4.) There's No Runnin' Away   (Sturg Pardalis) - 2:59

Opening up with some engaging Roger Calleo organ moves and Latin percussion, 'There's No Runnin' Away' demonstrated these guys could handle more than commercial pop songs, though I found Pardalis' vocals a bit strained.  "Upbeat and moving; Sturg wrote, arranged and sings it.  Forum Quorum sound."

5.) A Summer's Day   (Sturg Pardalis) - 2:22   rating: * star

Geez - 'A Summer's Day was a simply horrible middle-of-the-road pop song that might appeal to your grandma.  "Sturg sings his own words to his own music.  For anybody who has ever had a summer romance."

6.) Misery   (Roger Calleo) - 2:36  rating: **** stars

Side one's best performance, 'Misery' sported a strong melody and a nice balance between blue-eyed soul, top-40 pop and a slight lysergic flavor (especially at the end of the tune).  YouTube had a poor quality clip of the band performing the song during a live 1967 appearance on The Mike Douglas Show:  "Soul in counterpart,  Roger sings his own song,  Sturg came up with the creative arrangement.The track was tapped as the album's lead-off single:





- 1968's 'Misery' b/w 'Just the Same' (Decca catalog number 32425)







(side 2)

1.) Your Turn to Cry   (Roger Calleo) - 2:42  rating: **** stars

The one blue-eyed performance that could have given Felix Cavaliere and company a run for their money !!!  "Roger wrote this.  Lyrics by Sal.  Roger Sings.  The group drives."  Decca tapped it as a promotional single:




- 1968's 'Your Turn To Cry' b/w 'No More Tears' (Decca catalog number 32340)






2.) No More Tears   (Gus Pardalis) - 2:55   rating: *** stars

With the exception of some nice bass work from Bobby Castalado, 'No More Tears' was a rather forgettable ballad.  The song was included in the soundtrack to the Everett Rosenthal produced 1968 film "Mission Mars."  No idea what the bikini clad women have to do with the movie's plot. "Theme from a motion picture.  Thoughts shared by all who lobe and are left alone for a moment or a year.  Uninhibited singing by Sturg and truly lovely flute and bass passages."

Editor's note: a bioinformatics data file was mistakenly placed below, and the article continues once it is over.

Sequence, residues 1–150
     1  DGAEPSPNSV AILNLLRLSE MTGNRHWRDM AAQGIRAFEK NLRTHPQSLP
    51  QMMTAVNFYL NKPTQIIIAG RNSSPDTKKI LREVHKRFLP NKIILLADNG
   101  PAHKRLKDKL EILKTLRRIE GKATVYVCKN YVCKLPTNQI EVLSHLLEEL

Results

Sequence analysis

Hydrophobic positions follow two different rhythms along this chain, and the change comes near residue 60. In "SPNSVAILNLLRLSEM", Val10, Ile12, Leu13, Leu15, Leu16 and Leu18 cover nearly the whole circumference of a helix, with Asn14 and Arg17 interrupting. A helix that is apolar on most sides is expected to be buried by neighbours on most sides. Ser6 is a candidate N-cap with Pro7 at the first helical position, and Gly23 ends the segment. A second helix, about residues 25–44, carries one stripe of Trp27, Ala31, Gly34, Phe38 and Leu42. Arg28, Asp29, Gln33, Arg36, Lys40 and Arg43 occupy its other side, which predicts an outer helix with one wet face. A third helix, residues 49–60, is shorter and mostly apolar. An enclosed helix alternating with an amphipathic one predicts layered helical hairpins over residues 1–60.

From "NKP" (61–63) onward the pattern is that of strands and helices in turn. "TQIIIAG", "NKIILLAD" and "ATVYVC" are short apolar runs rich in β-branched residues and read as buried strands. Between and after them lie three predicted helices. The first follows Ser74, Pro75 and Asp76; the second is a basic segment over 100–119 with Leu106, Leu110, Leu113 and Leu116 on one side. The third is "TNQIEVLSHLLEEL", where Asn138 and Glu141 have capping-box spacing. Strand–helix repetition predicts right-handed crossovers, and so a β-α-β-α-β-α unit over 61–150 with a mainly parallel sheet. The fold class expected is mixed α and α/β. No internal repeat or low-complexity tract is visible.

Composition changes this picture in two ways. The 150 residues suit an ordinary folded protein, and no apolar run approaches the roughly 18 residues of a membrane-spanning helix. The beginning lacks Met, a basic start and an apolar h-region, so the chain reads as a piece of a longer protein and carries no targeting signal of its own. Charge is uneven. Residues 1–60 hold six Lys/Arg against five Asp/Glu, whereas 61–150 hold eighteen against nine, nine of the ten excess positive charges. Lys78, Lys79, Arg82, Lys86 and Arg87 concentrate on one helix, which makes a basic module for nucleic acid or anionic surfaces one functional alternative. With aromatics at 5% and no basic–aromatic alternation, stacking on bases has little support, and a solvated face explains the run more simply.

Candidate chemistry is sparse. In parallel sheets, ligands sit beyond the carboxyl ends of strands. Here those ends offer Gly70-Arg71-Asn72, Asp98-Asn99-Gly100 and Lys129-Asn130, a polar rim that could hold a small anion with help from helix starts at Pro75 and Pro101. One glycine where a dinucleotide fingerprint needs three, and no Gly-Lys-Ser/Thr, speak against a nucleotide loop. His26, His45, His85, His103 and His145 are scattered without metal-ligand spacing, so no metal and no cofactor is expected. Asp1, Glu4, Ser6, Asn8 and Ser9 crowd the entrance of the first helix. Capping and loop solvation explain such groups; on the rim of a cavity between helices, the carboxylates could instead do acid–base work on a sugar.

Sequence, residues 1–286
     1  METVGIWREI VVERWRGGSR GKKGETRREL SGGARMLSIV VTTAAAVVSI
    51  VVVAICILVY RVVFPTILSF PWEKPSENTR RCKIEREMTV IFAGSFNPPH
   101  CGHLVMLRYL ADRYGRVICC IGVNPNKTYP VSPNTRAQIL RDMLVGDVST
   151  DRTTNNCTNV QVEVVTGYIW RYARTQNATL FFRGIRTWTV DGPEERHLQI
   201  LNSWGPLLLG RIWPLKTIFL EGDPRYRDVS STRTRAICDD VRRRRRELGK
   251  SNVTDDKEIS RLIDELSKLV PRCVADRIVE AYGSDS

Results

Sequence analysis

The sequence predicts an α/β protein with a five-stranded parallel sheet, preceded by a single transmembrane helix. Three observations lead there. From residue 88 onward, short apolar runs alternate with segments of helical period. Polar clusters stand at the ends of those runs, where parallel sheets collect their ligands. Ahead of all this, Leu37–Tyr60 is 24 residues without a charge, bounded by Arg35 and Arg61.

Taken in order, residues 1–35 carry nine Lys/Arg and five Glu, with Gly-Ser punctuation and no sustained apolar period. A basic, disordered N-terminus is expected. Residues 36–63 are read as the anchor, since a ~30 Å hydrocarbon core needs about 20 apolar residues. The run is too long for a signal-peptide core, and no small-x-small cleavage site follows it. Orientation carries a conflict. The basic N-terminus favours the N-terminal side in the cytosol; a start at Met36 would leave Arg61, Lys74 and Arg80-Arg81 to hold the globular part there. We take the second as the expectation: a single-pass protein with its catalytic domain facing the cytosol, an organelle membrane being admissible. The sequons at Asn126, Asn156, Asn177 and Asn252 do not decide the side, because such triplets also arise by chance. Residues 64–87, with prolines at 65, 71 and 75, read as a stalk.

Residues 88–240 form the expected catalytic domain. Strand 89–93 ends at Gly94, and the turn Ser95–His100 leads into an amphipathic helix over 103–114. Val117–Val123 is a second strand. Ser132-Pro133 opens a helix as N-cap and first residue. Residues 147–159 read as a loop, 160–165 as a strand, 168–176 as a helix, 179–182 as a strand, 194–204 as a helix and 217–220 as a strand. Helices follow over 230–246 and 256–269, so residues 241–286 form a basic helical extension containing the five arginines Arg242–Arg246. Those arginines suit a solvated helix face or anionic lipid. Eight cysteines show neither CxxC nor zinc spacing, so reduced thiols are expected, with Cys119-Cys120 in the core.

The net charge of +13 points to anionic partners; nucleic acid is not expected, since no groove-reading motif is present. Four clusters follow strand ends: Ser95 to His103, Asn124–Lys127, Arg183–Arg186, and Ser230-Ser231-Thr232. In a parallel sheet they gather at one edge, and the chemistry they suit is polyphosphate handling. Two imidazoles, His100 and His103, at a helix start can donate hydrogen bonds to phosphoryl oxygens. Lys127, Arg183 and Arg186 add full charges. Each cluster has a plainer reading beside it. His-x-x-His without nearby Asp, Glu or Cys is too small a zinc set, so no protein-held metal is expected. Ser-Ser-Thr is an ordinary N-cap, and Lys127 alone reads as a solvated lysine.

3.) (I Wanna) Testify   (Darwin Taylor - George Clinton) - 4:50  rating; *** stars

"The Forum Quorum takes on a rock standard and applies its own standards to the performance.  Sturg arranged, with The Forum Quorum's producer, Milt Gabler, knowledgeably aided by his sound staff of Rudy May and George Chandler, adding the electronic touches that helped make the difference.  Roger is lead vocal.  Sturg, lead guitar.Well that's an interesting description.  Not sure I would deem this song as a rock classic.  Musically this sounded like something The Vanilla Fudge would have recorded.  Not bad, but the heavy rock arrangement squeezed out every last ounce of soul inspiration.

4.) Just the Same   (Sturg Pardalis) - 2:42  rating; *** stars

Opening up with some Calleo flute and waves of Calleo's Voxx organ, 'Just the Same' had a very commercial '60s pop flavor.  Imagine The Association colliding with Herbie Mann ...  "Sturg contributes another rock ballad original.  This time he picks up the 12-string guitar to mesh Roger's flute improvisations.  Sturg, of course, vocals."

5.) Synopsis (instrumental)   (Sturg Pardalis - Roger Calleo) - 3:52   rating: *** stars

"A group effort recapping the entire album.  Roger and Sturg laid it out; everybody had a chance to shape it to the right conclusion.  Instrumentally a bold adventure.In spite of the liner notes, the instrumental 'Synopsis' wasn't anything awe inspiring.